Supporting Māori and Pacific Peoples Disability Support Services The national Pacific Disability Action Plan, Faiva Ora, is creating awareness about disabilities in the Pacific community, and provides support service guides in six Pacific languages (Ministry of Health 2010). The Ministry of Health is implementing actions for the Māori Disability Action Plan 2012 2017, Whaia Te Ao Marama.
The New Zealand Triple Aim The Health Quality & Safety Commission works towards the New Zealand Triple Aim for quality and safety improvement and outcomes
Quality service Quality is a system – and all parts of the system are needed to deliver safe, quality service.
Quality tools Quality tools help people understand and improve processes. There are seven basic tools of quality improvement to help people and organisations generate ideas; analyse, develop and evaluate processes; and collect data. One useful tool is the PDSA quality cycle tool.
Plan, Do, Study, Act There are four stages to the PDSA cycle: Plan – the change to be tested or implemented Do – carry out the test or change Study – data before and after the change and reflect on what was learned Act – plan the next change cycle or full implementation (www.institute.nhs.uk)
Defining consumer Experienced- based consumers People who receive or have received health treatment and care Applies to patient, client, service user, resident or disability consumer Representative/ Advisor consumers Experienced-based consumers who also represent health and disability groups or networks Usually nominated by these network groups Draw on their expertise and support Carers People who provide support and/or care to a consumer (excludes those employed in care services) Sometimes speak on behalf of consumers if they cannot do that themselves Family/Whānau /Aiga Usually identified by consumers as people who they want to be engaged with their ongoing treatment, care and support Have insights related to the experience, treatment and care the consumer receives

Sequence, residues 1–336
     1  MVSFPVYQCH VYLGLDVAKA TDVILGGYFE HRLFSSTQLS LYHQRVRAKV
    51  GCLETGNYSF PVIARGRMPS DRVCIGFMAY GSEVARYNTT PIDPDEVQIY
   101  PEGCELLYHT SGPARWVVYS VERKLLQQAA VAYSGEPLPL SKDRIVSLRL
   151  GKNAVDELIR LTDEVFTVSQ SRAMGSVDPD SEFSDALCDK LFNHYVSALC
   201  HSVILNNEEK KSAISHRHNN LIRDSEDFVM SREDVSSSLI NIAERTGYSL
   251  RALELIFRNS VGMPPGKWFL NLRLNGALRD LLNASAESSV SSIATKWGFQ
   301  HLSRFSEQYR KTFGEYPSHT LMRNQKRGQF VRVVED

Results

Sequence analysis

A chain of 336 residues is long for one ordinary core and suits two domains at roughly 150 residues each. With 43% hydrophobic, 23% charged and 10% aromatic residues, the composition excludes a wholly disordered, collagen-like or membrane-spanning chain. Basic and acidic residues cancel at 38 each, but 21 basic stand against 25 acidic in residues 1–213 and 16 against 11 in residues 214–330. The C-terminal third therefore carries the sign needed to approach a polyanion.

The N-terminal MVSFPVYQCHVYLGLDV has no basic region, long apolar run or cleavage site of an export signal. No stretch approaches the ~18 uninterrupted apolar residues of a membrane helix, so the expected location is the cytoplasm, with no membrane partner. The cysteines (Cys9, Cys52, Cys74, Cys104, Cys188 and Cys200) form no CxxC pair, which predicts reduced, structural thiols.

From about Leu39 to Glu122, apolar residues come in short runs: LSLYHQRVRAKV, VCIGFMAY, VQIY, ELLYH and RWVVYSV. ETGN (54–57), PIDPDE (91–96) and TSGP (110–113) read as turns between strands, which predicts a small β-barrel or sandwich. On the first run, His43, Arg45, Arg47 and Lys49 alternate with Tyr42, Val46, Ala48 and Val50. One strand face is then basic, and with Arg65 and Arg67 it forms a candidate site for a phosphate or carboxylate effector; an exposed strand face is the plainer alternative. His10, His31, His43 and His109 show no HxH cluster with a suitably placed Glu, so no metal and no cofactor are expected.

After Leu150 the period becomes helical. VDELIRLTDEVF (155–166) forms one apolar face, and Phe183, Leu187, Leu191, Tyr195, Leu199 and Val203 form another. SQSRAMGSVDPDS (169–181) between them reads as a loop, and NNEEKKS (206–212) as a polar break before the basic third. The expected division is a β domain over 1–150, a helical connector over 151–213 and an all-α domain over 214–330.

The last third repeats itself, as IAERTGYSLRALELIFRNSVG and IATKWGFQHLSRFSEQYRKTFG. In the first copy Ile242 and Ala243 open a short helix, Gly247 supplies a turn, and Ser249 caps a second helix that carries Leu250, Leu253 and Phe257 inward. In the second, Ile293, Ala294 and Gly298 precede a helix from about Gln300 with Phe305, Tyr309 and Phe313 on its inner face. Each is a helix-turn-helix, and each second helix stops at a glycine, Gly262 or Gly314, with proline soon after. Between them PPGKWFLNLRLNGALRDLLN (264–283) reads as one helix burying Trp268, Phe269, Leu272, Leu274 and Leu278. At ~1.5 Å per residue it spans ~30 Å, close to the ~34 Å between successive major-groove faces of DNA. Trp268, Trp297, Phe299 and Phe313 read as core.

What is consumer engagement? ‘Consumer engagement is a process where people seeking health and disability services are empowered to participate in decisions around the treatment, services and care they receive.’ (Dr Chris Walsh, Senior Advisor, HQSC, 2014)
Consumer engagement ‘Consumer engagement is acknowledged as an important part of challenging the current and future workforce to view health care from the perspective of the consumer.’ (Patient Stories Why, Who, how, Hutt Valley DHB, nd)
Health Quality & Safety Commission ‘Engagement of consumers with decisions about their own health care improves outcomes, enhances the experience of care and reduces costs.’ Dr Janice Wilson Chief Executive Health Quality & Safety Commission (Annual Report 2012 13)
Consumers making a difference Give examples of how health and disability consumers have made a difference to changing policy, services or treatment.
The health and disability environment in New Zealand is complex and there are many different stakeholders. The more you understand this environment and the better informed you are, the more confident you will feel to engage with these stakeholders. Consumers and clinicians working in partnership can help improve the quality of services. You will gain much from keeping connected with consumer groups to provide support and keep you updated with what happens in the New Zealand context. Summary